The Australian music industry’s benevolent fund Support Act Ltd has a struck a new major partnership with global denim brand Levi Strauss & Co.
With its alarming data on the mental health, alienation and socially dysfunctional lifestyles led by people in the Australian music industry, Support Act announced the need for a new 24 hour well-being service.
The first to come on board were the former owners of Alberts label and publishing, the Albert Family, through the Tony Foundation.
Now Levi's has committed funding and expertise to help Support Act launch the well-being service.
In particular, Levi's is keen to ensure that all Australian artists and music workers experiencing mental health problems are made aware of that the new service is in existence, and are encouraged to access it.
Joanna Cave, support act chief executive said: “We are incredibly grateful to be able to partner with a super brand such as Levi’s, which has stepped up and shown its commitment to the well-being of the Australian music community.
“Levi's involvement will enable us to reach the widest possible audience, using the most sophisticated channels, opportunities which we simply cannot afford on our own.
“It is heartening to see international corporations taking their social responsibilities so seriously.
“Levi's support will make a huge difference to artists and music workers in crisis".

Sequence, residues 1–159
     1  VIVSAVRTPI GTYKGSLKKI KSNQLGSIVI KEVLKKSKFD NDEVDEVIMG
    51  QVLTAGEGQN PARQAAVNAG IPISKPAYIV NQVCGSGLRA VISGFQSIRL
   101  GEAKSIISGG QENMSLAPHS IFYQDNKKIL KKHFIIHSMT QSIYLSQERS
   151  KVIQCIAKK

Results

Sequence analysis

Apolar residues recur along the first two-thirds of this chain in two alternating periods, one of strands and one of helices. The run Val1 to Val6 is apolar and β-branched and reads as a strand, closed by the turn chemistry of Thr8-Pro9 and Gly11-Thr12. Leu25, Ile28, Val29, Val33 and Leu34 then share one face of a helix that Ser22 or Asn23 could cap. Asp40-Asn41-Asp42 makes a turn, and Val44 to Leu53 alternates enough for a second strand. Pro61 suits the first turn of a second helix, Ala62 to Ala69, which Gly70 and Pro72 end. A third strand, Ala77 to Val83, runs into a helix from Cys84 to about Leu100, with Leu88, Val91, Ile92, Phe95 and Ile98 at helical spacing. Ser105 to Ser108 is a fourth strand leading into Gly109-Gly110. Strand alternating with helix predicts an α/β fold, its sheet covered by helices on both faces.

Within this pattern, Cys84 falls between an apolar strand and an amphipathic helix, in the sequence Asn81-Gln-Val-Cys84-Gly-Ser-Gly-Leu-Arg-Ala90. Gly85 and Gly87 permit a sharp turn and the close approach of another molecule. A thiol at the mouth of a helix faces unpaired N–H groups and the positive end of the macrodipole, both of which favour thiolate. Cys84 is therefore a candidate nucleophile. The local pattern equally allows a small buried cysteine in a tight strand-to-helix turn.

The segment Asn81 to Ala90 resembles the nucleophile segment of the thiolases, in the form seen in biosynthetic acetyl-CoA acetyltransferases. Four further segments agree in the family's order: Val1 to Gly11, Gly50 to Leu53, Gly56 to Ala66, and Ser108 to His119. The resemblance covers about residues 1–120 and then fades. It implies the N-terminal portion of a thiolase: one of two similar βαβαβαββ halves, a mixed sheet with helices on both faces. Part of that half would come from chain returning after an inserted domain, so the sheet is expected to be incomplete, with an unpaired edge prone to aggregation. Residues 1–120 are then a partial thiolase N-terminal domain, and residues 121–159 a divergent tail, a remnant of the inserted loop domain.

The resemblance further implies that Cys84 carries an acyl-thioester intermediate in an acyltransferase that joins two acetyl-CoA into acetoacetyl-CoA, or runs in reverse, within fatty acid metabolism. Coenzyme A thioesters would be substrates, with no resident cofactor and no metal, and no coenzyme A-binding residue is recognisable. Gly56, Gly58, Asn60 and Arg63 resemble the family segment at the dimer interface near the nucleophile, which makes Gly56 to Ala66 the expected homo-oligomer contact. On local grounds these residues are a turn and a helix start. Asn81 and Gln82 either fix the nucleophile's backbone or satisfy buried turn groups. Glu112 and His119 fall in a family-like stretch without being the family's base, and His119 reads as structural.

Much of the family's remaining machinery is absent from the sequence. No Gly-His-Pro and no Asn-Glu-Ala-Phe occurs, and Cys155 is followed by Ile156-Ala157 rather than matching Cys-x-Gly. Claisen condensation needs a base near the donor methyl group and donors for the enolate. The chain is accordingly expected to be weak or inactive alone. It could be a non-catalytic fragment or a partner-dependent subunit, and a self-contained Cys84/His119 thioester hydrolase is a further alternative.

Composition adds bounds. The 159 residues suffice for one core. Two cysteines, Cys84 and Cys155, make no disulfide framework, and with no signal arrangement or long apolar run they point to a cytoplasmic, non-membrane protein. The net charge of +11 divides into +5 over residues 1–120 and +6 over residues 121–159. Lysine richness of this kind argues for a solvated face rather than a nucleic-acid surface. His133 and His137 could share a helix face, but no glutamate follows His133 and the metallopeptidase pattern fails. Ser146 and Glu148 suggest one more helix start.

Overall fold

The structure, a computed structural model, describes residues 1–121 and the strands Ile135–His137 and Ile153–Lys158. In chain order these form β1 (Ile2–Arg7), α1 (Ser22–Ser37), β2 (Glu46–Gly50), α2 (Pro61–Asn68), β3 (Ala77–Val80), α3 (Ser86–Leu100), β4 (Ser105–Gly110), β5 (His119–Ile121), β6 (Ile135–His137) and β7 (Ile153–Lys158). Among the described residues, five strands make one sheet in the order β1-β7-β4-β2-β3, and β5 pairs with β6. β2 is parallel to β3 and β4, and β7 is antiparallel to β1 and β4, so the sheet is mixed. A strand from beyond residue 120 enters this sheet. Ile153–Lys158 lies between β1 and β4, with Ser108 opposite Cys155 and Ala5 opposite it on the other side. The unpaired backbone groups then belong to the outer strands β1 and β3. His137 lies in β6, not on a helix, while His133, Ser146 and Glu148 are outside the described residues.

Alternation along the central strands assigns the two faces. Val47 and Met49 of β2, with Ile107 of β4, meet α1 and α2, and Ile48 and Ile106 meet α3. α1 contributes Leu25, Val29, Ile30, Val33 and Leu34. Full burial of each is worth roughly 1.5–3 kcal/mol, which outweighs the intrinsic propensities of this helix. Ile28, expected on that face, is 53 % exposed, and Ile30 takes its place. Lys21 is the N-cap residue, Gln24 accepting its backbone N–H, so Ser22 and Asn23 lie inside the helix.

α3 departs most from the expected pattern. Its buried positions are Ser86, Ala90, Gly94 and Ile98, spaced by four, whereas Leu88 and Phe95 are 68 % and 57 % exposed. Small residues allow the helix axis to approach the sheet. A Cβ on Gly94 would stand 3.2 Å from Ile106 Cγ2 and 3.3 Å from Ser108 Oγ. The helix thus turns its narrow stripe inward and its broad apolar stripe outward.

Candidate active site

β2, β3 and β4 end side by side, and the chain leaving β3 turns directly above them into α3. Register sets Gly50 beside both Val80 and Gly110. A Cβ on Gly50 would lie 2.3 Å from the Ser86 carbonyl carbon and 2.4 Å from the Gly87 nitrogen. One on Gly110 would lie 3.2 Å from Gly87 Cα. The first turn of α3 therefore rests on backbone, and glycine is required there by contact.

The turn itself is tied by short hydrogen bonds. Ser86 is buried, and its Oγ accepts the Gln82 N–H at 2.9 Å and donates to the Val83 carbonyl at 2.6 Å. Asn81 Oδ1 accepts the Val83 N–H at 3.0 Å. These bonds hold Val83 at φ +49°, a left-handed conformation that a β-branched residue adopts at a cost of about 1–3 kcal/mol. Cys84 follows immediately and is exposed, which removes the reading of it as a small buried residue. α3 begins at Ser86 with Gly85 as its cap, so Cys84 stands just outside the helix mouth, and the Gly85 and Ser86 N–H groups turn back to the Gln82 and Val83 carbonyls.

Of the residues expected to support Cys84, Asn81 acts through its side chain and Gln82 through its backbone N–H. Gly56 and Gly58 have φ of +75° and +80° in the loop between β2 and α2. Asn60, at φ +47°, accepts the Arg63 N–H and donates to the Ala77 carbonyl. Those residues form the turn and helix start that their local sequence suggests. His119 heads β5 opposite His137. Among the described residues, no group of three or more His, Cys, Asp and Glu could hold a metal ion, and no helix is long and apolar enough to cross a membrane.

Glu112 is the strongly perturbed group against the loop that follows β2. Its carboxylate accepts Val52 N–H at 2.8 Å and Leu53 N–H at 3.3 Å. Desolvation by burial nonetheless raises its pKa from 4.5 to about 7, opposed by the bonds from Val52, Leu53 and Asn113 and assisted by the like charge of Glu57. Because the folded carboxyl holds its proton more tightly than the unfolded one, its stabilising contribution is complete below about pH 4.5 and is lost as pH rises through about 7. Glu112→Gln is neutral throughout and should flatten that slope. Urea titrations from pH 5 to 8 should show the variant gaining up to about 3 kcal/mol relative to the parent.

Nicky Rowsell, marketing manager at Levi’s Australia & NZ added, “Levi’s as a brand has a genuine love of music, and so it makes perfect sense for us to support all members of the music community in any way we can.
“We are committed to giving back holistically and are proud to partner with Support Act in developing a 24/7 help line and service that is the first of its type in Australia.
“This is a critical first step in helping this growing and widely suffered health epidemic.
“We look forward to being able to make a genuine difference in this space over the coming years.”
The apparel company has long been a socially active brand globally.
In the ‘40s it desegregated its factories so black and white workers worked together.
In 1980s, it was heavily involved in educating people about AIDS, donating $37 million to HIV/AIDS services.
It was one of the first companies to extend healthcare to the spouses of their 10,000-strong worldwide workforce.